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Preemption Project

Companies that collect payments on federal student loans, called servicers, must comply with the consumer protection laws of each state in which they operate. Under Betsy DeVos’s leadership, the Department of Education attempted to insulate loan servicers from state oversight and regulation, and to prevent student borrowers from protecting themselves by making claims under state consumer protection law.

Every state has significant consumer protection rules on the books, and those protections could evaporate for student borrowers if the Department of Education has its way. These consumer protection rules apply to virtually all entities that operate within states, and there is simply no reason why student loan servicers should be immune from liability for acting unfairly or deceptively, or making misrepresentations to student loan borrowers.

The DeVos Department of Education’s position was that virtually all state laws are preempted by the federal Higher Education Act, and in March 2018 they laid out their reasoning in a Notice of Interpretation. That Notice did not have the force of law, but it is part of a larger battle over the extent to which federal law preempts states’ ability to protect their residents.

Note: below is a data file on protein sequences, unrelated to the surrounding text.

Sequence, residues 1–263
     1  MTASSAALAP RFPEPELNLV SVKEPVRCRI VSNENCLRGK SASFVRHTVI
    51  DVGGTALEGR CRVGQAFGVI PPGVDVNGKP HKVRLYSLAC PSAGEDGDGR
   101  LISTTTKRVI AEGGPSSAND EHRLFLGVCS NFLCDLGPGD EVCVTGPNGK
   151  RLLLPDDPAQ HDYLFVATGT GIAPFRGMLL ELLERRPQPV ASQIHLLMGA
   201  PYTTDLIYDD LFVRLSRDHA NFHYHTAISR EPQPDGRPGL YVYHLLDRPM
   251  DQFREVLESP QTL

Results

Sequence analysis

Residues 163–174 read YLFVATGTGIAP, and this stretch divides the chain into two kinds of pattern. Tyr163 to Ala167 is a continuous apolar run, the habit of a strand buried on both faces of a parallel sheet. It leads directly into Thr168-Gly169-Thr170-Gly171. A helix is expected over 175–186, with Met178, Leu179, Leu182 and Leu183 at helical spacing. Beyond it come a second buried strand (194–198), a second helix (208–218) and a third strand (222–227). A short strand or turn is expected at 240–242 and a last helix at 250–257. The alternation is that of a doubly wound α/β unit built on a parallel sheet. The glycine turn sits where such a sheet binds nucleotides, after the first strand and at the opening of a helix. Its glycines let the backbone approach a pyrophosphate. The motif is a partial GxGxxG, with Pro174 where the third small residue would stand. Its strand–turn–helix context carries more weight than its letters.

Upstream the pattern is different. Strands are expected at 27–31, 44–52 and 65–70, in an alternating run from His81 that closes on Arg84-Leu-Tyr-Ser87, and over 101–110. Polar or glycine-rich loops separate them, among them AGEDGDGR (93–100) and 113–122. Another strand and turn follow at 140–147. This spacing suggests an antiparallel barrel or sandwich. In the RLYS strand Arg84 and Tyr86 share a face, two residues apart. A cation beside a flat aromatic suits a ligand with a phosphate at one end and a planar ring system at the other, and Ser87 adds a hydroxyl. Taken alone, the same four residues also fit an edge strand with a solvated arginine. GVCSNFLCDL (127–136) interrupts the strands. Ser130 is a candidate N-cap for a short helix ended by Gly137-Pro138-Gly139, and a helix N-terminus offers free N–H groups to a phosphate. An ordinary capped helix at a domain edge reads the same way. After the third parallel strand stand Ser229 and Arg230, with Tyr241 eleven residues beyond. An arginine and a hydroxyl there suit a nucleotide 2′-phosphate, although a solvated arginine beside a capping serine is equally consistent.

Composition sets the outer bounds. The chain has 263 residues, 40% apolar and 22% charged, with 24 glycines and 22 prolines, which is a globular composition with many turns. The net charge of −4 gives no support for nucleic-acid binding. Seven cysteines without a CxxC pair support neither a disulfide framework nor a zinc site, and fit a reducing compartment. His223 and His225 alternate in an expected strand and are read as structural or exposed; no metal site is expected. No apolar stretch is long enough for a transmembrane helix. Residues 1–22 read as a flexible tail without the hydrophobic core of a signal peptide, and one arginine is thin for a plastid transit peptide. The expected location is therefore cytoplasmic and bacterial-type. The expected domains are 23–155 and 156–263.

Not surprisingly, the loan servicing industry largely agreed with Secretary DeVos’s position, and individual servicing companies made similar assertions in defending cases brought by student borrowers who allege mistreatment or deception by their servicer.

Student Defense has been focused on this issue since opening its doors, and the stakes are high. Through the Preemption Project and a combination of legal advocacy, policy initiatives, and public discourse, Student Defense explained the problems with the 2018 Notice, persuaded courts that it was “unpersuasive,” and called for its repeal.

On August 12, 2021, the Department of Education did exactly that: it rescinded the March 2018 interpretation and called for comment on the precise scope of preemption under the Higher Education Act.

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